Even in the northern regions across Wisconsin, Minnesota and the Upper Peninsula of Michigan, some producers are feeding stored feeds for as little as 120-135 days.

Planting crops for grazing into the fall, winter and spring can greatly shorten the feeding period of stored feeds such as: Brassicas or corn planted after harvest of small grains; winter rye or other cereal grains planted after soybeans or corn silage for late fall and early spring grazing; planting corn for later gazing during the winter months allows for high quality forage consumption, even with significant snow cover.

Grazing planted crops is best accomplished with strip grazing to limit access and improve grazing efficiency.

Balancing rations for cows and decreasing feed waste can lower production costs. Feeding average quality hay to the dry gestating cow can be inefficient.

Feeding stored crop residues can lower feed cost while maintaining body weight and condition.

Full feeding average quality hay to the dry cow is an excess of nutrients over maintenance requirements. Feeding lower quality, high fiber feeds, such as corn stalks can meet the nutrient requirements of the cow at lower cost of production.

Performance measures are important to consider when comparing cost of production and profitability. Attempting to maximize performance measures such as weaning weight and breeding percentage will at some point result in increasing cost of production. Performance measures should be evaluated and optimized.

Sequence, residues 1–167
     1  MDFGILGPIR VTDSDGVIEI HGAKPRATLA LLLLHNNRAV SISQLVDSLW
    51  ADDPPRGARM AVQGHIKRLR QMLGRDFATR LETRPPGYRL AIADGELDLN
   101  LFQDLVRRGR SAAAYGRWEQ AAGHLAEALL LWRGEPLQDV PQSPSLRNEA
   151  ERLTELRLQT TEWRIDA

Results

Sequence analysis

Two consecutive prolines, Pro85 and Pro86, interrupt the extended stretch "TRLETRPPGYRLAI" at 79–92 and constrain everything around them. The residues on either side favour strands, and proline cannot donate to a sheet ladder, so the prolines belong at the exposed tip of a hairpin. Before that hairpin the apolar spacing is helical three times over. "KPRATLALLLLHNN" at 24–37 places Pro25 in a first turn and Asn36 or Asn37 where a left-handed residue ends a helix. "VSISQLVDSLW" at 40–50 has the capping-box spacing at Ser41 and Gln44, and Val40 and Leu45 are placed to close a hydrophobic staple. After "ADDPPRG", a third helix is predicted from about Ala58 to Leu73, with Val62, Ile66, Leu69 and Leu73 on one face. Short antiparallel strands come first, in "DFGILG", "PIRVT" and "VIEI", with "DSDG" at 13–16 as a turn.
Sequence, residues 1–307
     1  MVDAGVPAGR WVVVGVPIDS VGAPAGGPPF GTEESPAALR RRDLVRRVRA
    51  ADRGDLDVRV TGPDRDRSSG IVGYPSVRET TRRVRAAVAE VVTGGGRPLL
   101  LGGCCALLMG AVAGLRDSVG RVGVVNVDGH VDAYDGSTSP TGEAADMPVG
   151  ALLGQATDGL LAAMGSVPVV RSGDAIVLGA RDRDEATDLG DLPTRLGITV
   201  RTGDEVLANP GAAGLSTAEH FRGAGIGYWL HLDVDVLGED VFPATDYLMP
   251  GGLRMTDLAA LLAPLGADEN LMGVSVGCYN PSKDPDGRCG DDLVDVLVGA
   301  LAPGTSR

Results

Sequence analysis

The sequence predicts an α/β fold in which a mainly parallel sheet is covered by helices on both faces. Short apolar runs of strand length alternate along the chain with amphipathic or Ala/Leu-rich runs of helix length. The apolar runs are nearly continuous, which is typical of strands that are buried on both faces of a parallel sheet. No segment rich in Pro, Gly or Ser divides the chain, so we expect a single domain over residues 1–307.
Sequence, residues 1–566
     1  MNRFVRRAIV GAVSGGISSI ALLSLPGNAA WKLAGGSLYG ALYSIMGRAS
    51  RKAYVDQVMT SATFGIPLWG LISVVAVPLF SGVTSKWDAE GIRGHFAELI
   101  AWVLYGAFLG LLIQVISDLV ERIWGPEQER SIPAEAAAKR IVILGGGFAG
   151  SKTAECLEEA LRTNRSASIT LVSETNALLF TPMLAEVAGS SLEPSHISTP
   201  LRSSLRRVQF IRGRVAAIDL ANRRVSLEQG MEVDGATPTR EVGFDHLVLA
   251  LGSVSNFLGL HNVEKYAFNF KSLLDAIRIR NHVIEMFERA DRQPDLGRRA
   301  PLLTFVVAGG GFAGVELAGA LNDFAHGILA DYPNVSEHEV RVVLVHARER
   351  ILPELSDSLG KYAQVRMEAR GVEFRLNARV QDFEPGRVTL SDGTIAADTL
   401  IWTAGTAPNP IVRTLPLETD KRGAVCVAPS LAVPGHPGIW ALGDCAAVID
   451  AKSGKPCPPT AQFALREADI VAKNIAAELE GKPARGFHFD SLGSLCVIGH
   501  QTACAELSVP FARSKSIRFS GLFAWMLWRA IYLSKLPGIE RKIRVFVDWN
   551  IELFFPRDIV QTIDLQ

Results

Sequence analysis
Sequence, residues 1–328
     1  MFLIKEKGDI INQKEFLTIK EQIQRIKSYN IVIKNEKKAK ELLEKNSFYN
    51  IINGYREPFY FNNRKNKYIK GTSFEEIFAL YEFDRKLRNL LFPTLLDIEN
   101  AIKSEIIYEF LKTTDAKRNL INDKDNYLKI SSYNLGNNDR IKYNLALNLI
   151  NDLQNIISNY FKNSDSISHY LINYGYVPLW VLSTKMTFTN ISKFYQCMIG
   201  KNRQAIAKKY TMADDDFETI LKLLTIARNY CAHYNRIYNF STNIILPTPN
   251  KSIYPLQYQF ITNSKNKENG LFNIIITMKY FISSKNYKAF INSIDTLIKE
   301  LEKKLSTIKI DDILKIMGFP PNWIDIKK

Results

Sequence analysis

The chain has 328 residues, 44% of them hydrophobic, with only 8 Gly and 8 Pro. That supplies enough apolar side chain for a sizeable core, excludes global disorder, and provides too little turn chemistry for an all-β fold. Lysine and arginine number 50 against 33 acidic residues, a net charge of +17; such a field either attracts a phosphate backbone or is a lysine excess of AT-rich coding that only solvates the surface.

Decisions to optimize performance should be considered as to how they affect cost of production based on pounds of calf weaned. Animal and Plant Health Inspection Service data indicates, for example, that average calves weaned per pregnant cow was 93.6 percent.

Over half of the calf mortality came from birthing difficulties. An example of evaluating producers selecting low birth weight and calving ease sires can improve the number of calves born alive and also improve subsequent rebreeding percentage.

Producers selecting to improve calving can also select bulls with moderate growth and frame size to maintain or improve weaning weights.

Selection for high weaning weights alone can result in large cows that require more feed than smaller cows.

Comparing calf weight to cow weight is a good measure of cow efficiency and correlates closely with cost of production. Ultimately, cow calf producers should be comparing cost of production to pounds of calf weaned. This measure allows producers to best analyze management decisions.

Beef producers should utilize enterprise budgets to evaluate areas of improvement. Finding cost savings in the budget can help lead to profitability.

The most expensive area of producing beef calves is found in the feed costs. Finding better and cheaper methods to feed cattle without sacrificing performance is critical.

Cost of production should be compared to pounds of calf weaned rather than doing so on a per cow basis. In doing this, every management decision is more accurately evaluated as it relates to profitability.

(You also might be interested in Managing beef profits for long-term viability and Winter cattle feeding doesn't have to break the bank).